Tokyo's Olympic bid chief vowed Tuesday to ensure safety if the city wins the 2020 Summer Games, as the sporting world reeled from twin blasts at the Boston Marathon.
"First of all, Tokyo is one of the safest cities in the world," Masato Mizuno, chief executive officer of the city's Olympic bid committee, said. "We'll do our best to prevent any of those wrongdoings."
He also played down the possibility of random bombings at the Olympics in which more than 200 countries take part.
Mizuno, a former chairman of sporting goods giant Mizuno, said groups that conduct such acts of violence know it is "not very clever" to target the Olympics and become the "enemy of the whole world."
He said the bid committee needed to know what has actually happened in Boston before considering whether to review their security plan.
Mizuno was speaking after a luncheon with the US and British chambers of commerce in Japan, both of which have expressed their support for Tokyo's 2020 Olympic bid against Madrid and Istanbul.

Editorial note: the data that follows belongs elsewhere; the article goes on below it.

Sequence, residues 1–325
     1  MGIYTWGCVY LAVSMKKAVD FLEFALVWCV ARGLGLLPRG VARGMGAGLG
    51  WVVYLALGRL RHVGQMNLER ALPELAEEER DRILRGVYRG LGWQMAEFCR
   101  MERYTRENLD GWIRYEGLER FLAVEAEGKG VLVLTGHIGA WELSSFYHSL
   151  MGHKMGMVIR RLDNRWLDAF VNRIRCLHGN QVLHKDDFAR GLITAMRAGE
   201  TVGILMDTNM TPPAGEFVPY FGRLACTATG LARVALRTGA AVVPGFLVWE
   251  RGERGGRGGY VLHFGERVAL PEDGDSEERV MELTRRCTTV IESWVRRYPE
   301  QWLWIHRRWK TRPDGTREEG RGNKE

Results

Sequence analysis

Tokyo, which hosted the 1964 Summer Games, lost its bid for the 2016 edition to Rio de Janeiro, the first South American city to host an Olympics. Istanbul could become the first city with a predominantly Muslim population to host the Games.
Mizuno told the luncheon: "We have much stronger city function."
"Now Rio's preparation is very, very late," he said. "More and more IOC members want a safe pair of hands."
The 101 IOC members will vote to choose the 2020 host city on September 7 in Buenos Aires.